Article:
Virginia Institute of Marine Science
Recent years have witnessed improved dietary changes, due largely to an increase in knowledge of nutrition and to a wide dissemination of this knowledge.
Since about 1915 there has been a significant upward trend in· the consumption of milk, green leafy vegetables, tomatoes, and citrus fruits-the so-called protective foods-all of which are extremely rich in those nutrients that are often deficient in low-cost diets. The total weight of food consumed per person per year has remained fairly constant, but there has been a downward trend for meats, grain products, and potatoes, and the use of the protective foods has been increasing. The proportion of calories derived from these latter sources has approximately doubled since the beginning of the century. From.a health standpoint this trend is most encouraging, yet the proportion of calories derived from meats, grains, and mature legumes is still over 70 per cent. Probably half the food calories should be derived from milk and milk products, fruits, vegetables, and eggs.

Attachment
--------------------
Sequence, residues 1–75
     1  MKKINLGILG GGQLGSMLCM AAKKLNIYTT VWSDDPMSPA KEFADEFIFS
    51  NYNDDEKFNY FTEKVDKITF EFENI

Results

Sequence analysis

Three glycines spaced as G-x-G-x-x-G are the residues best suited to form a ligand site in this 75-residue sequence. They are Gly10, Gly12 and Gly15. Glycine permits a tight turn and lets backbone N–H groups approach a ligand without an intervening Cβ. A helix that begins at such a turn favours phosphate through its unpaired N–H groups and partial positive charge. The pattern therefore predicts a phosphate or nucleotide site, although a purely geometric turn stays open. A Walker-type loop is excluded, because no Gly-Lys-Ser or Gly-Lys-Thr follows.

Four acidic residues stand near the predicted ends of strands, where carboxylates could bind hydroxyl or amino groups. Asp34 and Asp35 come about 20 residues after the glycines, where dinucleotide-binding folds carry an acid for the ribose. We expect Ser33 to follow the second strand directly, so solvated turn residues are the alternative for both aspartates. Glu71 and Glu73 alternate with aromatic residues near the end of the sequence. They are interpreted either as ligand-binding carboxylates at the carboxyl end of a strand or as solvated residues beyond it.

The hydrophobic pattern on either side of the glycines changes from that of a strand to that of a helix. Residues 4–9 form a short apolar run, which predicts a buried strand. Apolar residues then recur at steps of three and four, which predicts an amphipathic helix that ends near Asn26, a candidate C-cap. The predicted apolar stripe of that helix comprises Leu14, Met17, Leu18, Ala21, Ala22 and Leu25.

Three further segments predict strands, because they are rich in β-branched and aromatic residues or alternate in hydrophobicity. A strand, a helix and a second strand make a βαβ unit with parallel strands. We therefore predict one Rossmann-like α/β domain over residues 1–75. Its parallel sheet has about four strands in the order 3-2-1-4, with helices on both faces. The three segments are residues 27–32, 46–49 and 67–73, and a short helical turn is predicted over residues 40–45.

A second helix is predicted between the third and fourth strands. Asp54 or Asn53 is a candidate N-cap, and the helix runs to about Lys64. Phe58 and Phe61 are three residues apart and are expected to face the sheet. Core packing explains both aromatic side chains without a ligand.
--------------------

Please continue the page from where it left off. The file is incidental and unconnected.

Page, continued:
Now, wartime restrictions have changed what were fairly well-balanced family diets into diets deficient not only in certain minerals and vitamins but also in animal proteins essential for the maintenance of normal health. Fresh seafoods, since these are not rationed, should be seriously considered as a source of the indispensable animal proteins.
Contribution (Virginia Fisheries Laboratory) ; no. 14.
Newcombe, Curtis L. and Blank, Grace J., Seafoods : their wartime role in maintaining nutritional standards (1943). The Commonwealth, 10(10), 3-11.